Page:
Past Issue

Volume 12, Number 3, Oct-Dec 2018, Pages: 218-222

Subtelomeric Rearrangements in Patients with Recurrent Miscarriage

Amani Hajlaoui, M.Sc, 1, Wafa Slimani, M.Sc, 1, Molka Kammoun, M.D, 1, Amira Sallem, M.D, 1, Fathi El Amri, M.D, 2, Anouar Chaieb, M.D, 3, Mohamed Bibi, M.D, 3, Ali Saad, M.D., Ph.D, 1, Soumaya Mougou-Zerelli, M.D., Ph.D, 1, *,
Department of Cytogenetic and Reproductive Biology, Farhat Hached University Hospital, Sousse, Tunisia
Private pediatrician, Tunis, Tunisia
Department of Obstetrics and Gynecology, Farhat Hached University Hospital, Sousse, Tunisia
*Corresponding Address: Department of Cytogenetic and Reproductive Biology Farhat Hached University Teaching Hospital Rue Ibn El Jazzar Sousse 4000 Tunisia



The subtelomeric rearrangements are increasingly being investigated in cases of idiopathic intellectual disabilities (ID) and congenital abnormalities (CA) but are also thought to be responsible for unexplained recurrent miscarriage (RM). Such rearrangements can go unnoticed through conventional cytogenetic techniques and are undetectable even with high-resolution molecular cytogenetic techniques such as array comparative genomic hybridization (aCGH), especially when DNA of the stillbirth or families are not available. The aim of the study is to evaluate the rate of subtelomeric rearrangements in patients with RM.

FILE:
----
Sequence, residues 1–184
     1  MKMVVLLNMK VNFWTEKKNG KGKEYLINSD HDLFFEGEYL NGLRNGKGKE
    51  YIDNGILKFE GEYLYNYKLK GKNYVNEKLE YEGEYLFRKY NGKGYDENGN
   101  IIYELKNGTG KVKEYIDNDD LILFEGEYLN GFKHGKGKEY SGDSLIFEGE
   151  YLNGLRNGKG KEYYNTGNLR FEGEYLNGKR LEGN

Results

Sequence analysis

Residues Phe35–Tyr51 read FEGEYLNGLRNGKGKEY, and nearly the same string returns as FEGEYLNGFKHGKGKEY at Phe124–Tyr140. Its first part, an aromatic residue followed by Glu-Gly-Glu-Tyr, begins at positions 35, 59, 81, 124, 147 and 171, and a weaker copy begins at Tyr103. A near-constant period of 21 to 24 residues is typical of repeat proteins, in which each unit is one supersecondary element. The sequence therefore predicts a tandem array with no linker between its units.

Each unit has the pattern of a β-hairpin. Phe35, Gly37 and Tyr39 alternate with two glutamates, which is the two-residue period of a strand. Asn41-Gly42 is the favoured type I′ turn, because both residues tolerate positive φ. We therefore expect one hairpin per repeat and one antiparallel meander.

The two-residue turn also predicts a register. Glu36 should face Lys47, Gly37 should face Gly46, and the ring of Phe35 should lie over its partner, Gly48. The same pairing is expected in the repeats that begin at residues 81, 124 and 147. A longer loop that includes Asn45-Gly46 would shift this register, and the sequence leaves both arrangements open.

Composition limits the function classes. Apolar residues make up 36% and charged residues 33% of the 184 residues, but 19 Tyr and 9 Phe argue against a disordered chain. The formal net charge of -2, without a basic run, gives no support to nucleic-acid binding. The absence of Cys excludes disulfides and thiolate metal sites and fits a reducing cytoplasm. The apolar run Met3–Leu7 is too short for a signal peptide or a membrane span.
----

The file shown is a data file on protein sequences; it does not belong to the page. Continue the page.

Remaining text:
Materials and Methods

In this cross-sectional study, fluorescent in situ hybridization (FISH), based on ToTelVysion telomeric probes, was undertaken for 21 clinically normal couples exhibiting a “normal” karyotype with at least two abortions. Approximately 62% had RM with a history of stillbirth or CA/ID while the other 38% had only RM.


FISH detected one cryptic rearrangement between chromosomes 3q and 4p in the female partner of a couple (III:4) [46,XX,ish t(3;4)(q28-,p16+;p16-,q28+)(D3S4559+,D3S4560-,D4S3359+; D3S4560+, D4S3359- ,D4S2930+)] who presented a history of RM and family history of ID and CA. Analysis of the other family members of the woman showed that her sisters (III:6 and III:11) and brother (III:8) were also carriers of the same subtelomeric translocation t(3;4)(q28;p16).


We conclude that subtelomeric FISH should be undertaken in couples with RM especially those who not only have abortions but also have had at least one child with ID and/or CA, or other clinically recognizable syndromes. For balanced and cryptic anomalies, subtelomeric FISH still remains the most suitable and effective tool in characterising such chromosomal rearrangements in RM couples.